The Wizards’ acquisition of Davis Bertans was classic Tommy Sheppard networking. The San Antonio Spurs and Brooklyn Nets needed to clear some cap space, and Sheppard wedged himself into the negotiations to help make things happen.
The Nets gave up DeMarre Carroll and ended up with Kevin Durant and Kyrie Irving. And Aaron White — a “maybe someday, but probably never” prospect.
The Spurs gave up Davis Bertans and Nemanja Dangubic to get Carroll from the Nets and the salary space to sign free agent Marcus Morris. Except, Morris begged out because he wanted to sign with the Knicks instead — a sure sign of how badly the Spurs have slipped in recent years.
The Wizards swapped White (who will probably never play in the NBA) and got Bertans — one of the best shooters on the planet. Not bad work for an interim general manager.
When the deal was announced, I figured Bertans would be gone by the trade deadline. He was established as a great shooter, but there wasn’t much else to his game. But, shooting is much coveted in today’s NBA so I thought a bad Wizards team would flip him for a mid-to-late first round pick to help rebuild for the future.
Then he started popping threes from crazy distance with hands in his face, and I wrote about how the Wizards needed to get him even more shots — which they did. And then, instead of making Bertans’ hot shooting the prize of the trade market, Sheppard and the Wizards said early and often they had no interest in trading him at all. On the contrary, they wanted to re-sign him. What’s more, they meant it.
And now, they have a problem. Because upon further review, Bertans is indeed an elite shooter...and there isn’t much else to his game. At 6-10, he moves well without the ball, has a quick shot action and a high release, which means he can pull up on anyone. He’s a genuine asset on offense.
But, he doesn’t rebound or defend effectively and he’s not a playmaker in any sense of the word — even for a power forward.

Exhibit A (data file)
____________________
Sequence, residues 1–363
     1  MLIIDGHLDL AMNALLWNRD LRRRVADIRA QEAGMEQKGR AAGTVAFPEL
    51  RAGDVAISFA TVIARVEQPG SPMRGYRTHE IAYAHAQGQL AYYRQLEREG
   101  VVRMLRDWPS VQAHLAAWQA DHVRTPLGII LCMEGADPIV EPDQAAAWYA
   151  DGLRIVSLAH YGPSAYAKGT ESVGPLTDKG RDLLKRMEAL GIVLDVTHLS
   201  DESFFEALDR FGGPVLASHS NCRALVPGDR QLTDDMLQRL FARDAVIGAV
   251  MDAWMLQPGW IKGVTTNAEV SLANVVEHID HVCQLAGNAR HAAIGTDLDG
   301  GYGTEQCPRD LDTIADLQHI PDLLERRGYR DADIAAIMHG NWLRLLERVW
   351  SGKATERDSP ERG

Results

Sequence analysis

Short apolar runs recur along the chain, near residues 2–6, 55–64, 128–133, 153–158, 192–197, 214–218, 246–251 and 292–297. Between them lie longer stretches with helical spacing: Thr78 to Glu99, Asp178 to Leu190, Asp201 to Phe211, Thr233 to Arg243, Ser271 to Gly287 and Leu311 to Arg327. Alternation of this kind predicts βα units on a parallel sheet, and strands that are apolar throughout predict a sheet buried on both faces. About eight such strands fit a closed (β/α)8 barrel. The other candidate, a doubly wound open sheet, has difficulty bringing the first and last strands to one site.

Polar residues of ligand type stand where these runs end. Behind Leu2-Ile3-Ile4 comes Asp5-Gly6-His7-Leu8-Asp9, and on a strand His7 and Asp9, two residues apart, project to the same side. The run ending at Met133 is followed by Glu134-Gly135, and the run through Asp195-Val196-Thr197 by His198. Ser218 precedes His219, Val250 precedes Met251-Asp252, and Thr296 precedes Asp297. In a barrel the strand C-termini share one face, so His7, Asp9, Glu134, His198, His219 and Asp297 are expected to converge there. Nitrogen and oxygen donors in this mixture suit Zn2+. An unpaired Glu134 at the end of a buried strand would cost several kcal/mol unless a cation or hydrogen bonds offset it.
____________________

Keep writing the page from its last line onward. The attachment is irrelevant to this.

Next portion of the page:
That shooting, though, has a real impact. Two seasons ago, the Spurs were +9.5 per 100 possessions on offense when he was on the floor. This season in Washington, the Wizards were +7.4. The defense was basically unchanged.
While a player who adds 7+ points per 100 possessions is quite valuable, my analysis is a bit more dubious. His overall rating hit a career high at slightly above average — my metric (Player Production Average — PPA) loves the efficiency but isn’t as thrilled with below average rebounding, assists and defense. And, his rating reflects the reality that he comes off the bench, which means his life if a bit easier than it would be if he was starting and a bigger part of opposition game plans.
With Bertans, there may be another factor contributing to his popularity with fans and the Wizards front office. As shown in his performance EKG (below), his play swings from extreme highs to extreme lows. This season, he played 54 games. In 10 of them, his PPA was 200 or higher — the score of an MVP candidate. In nine games, his PPA was negative. There’s palpable excitement when Bertans goes off — it’s fun to watch him light opponents up from long range. His bad games were largely ignored, perhaps a luxury afforded to being modestly paid on a team expected to lose.
In the EKG, the orange line is his PPA for the season after each game. The blue line is the 10-game moving average.Don’t get too wrapped up in the midseason crater. Bertans got hurt, played a couple very bad games and then missed a few weeks to heal.
His best stretch was a six-game binge that started with a PPA 247 in a 25-point loss at the Clippers and culminated in his best game of year — a PPA 327 in a 7-point loss at the Hornets. His PPA for the stretch was a 197, which would be in the running for All-NBA if he could do it all season.
The problem for Bertans and the Wizards is that his new contract is likely to be expensive. In the league’s current salary environment (which is likely to be revised by the pandemic), he’s likely to get a three- or four-year contract starting at a minimum of $15 million. My guess is he’ll field offers similar to the four years and $73.1 million Bojan Bogdanovic got from the Utah Jazz last summer.
With so many players still on their rookie contracts, a deal for Bertans starting around $17 million would leave the Wizards with enough space under the luxury tax to use their cap exceptions this offseason. But, at that price tag they’ll also likely need him to play a bigger role than he has in his NBA career.
With John Wall and Bradley Beal consuming nearly 60% of the salary cap between them, Washington will be limited in their ability to acquire additional help — especially since Bertans’ trade value is likely to decline as his salary goes up.
It could work, if Wall can return to action at or near his best, if Beal continues to play like an All-NBA candidate, and if the Wizards can get a breakout performer or two or three from the group of Rui Hachimura, Thomas Bryant, Troy Brown, Moe Wagner, Isaac Bonga and whoever they land in the draft.